Our position remains the same regardless of whether this evidence is used to expand or constrict the class of weapons that can qualify as dirks or daggers under section 12020, subdivision (a). We believe the evidence related to the possessor's intended use of the weapon is simply irrelevant and should not be considered by the trier of fact when deciding whether a given knife qualifies as a dirk or dagger. While Barrios did indeed concern the possible expansion of the type of weapons covered by the act, much of its reasoning applies equally well to defeat the argument advanced herein.

As noted in Barrios, the terms "dirk" and "dagger" are to be strictly construed. (7 Cal.App.4th at p. 505, citing People v. Bain (1971) 5 Cal. 3d 839, 850 [97 Cal. Rptr. 684, 489 P.2d 564].) Just as we cannot expand the definition of "dirk" or "dagger" to include weapons that do not physically qualify by relying on a possessor's statements of intended use, we cannot restrict the definition to exclude weapons that could reasonably be found to qualify as dirks or daggers but for which a claim has been made that their possession was purely innocent. To hold otherwise would require us to read language into the judicially approved definition that is simply not there. This we decline to do.

The Supreme Court has both approved the definition as written and has consistently decided this type of case based solely on the physical characteristics of the weapon despite the fact that evidence was presented in Bain to show the defendant carried the knife for protection. (People v. Bain, supra, 5 Cal.3d at pp. 844, 850-852; People v. Forrest, supra, 67 Cal.2d at pp. 480-481.)

Appellant focuses on the following language from Forrest which he claims supports his position: "[W]hen a knife which, like other pocketknives, has many possible uses, some of which are clearly innocent and utilitarian, also has a characteristic which in many situations will substantially limit the effectiveness of its use as a stabbing instrument, it cannot be [32 Cal. App. 4th 235] held to be a weapon primarily designed for stabbing, and thus is not a dagger or dirk." (People v. Forrest, supra, 67 Cal.2d at p. 481.) Appellant essentially argues, consistent with this quote, he was merely introducing evidence regarding the actual and innocent use of the knife. He reads too much into this quote.

This statement was made during the court's discussion of the design of weapons and, in particular, knives. (People v. Forrest, supra, 67 Cal.2d at p. 481.) This discussion focused entirely on the physical characteristics of the weapon and found them to be determinative. The actual use of the weapon simply did not enter into the court's analysis. Therefore, this argument must fail as well.

Our position finds additional support from the following language taken from People v. Satchell (1971) 6 Cal. 3d 28 [98 Cal. Rptr. 33, 489 P.2d 1361, 50 A.L.R.3d 383]: "This court has stated that the purpose of the Legislature in enacting section 12020 was to outlaw the possession of 'weapons common to the criminal's arsenal....' [Citation.] This purpose proceeds from the recognition that persons who possess the specialized instruments of violence listed in the section are ordinarily persons who intend to use them in violent and dangerous enterprises. Thus, rather than simply proscribing the use of such instruments, the Legislature has sought to prevent such use by proscribing their mere possession. In order to insure the intended prophylactic effect, the intent or propensity for violence of the possessor has been rendered irrelevant." (6 Cal.3d at pp. 41-42.) Thus, it is not the use of the weapon being proscribed by statute, but its possession.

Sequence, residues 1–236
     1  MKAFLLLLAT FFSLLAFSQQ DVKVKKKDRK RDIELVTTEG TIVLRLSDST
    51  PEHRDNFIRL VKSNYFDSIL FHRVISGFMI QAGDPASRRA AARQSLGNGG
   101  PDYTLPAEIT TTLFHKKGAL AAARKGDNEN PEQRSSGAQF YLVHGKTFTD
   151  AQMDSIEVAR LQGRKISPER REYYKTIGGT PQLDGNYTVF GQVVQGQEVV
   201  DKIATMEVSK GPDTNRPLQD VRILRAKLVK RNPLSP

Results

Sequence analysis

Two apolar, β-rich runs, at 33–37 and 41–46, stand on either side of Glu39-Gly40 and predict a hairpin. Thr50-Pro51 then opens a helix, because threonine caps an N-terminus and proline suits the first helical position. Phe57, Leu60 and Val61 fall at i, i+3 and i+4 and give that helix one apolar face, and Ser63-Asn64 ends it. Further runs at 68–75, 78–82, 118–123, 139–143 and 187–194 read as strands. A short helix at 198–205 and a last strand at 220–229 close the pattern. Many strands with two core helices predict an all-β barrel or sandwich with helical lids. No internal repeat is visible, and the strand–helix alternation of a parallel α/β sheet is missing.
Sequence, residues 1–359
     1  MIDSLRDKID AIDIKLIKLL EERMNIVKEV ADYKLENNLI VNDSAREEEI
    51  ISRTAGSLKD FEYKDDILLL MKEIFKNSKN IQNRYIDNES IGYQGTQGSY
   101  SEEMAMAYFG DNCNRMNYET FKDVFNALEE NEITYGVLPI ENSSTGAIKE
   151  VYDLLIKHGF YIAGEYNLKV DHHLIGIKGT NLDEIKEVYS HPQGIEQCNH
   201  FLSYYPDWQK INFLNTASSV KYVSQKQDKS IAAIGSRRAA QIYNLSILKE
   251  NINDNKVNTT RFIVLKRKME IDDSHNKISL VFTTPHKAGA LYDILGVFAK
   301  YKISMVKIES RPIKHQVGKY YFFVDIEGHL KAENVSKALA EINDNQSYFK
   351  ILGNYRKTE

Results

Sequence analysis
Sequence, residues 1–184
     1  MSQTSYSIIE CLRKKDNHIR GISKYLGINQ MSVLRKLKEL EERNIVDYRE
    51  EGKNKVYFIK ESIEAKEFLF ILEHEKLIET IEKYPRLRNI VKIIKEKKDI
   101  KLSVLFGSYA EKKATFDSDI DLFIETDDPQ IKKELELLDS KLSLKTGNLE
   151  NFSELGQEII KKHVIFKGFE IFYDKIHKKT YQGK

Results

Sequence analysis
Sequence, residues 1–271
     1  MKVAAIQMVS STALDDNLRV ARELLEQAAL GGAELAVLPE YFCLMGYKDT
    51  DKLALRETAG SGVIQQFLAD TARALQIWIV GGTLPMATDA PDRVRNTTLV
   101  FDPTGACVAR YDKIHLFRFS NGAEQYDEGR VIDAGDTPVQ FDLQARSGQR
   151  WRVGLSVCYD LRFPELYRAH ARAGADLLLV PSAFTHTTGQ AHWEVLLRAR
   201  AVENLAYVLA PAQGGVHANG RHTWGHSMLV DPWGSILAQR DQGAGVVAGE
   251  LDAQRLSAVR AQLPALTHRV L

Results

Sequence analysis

For the first time in his reply brief, appellant contends the shortness of the sharpened blade and the fact that it was sharpened on only one side "could be circumstances 'limiting the effectiveness of its use as a stabbing instrument.' " While this may be, the fact remains the jury found otherwise. Appellant has not challenged the sufficiency of the evidence to support the jury's determination. Nor has he claimed that the knife is not a dirk or dagger as a matter of law.

Finally, it is worth mention that the use notes accompanying CALJIC No. 12.42 indicate it is to be used when "the questioned object is an innocent-appearing utensil capable of use as a dangerous object." We believe an innocent-appearing utensil and a knife fitted or designed primarily for stabbing are mutually exclusive items. We simply cannot conceive of a knife that is primarily designed for stabbing yet innocent in appearance.

Having found no merit to appellant's claim, we need not decide his related claim of prejudice. [32 Cal. App. 4th 236]


The judgment is affirmed.

Martin, Acting P. J., and Stone (W. A.), J., concurred.

FN 1. All further statutory references are to the Penal Code unless otherwise indicated.

FN 2. The statute has since been modified to define these terms as "a knife or other instrument with or without a handguard that is primarily designed, constructed, or altered to be a stabbing instrument designed to inflict great bodily injury or death." (§ 12020, subd. (c)(24).) This change did not become effective until January 1, 1994. (See Stats. 1993, ch. 1139, § 2.)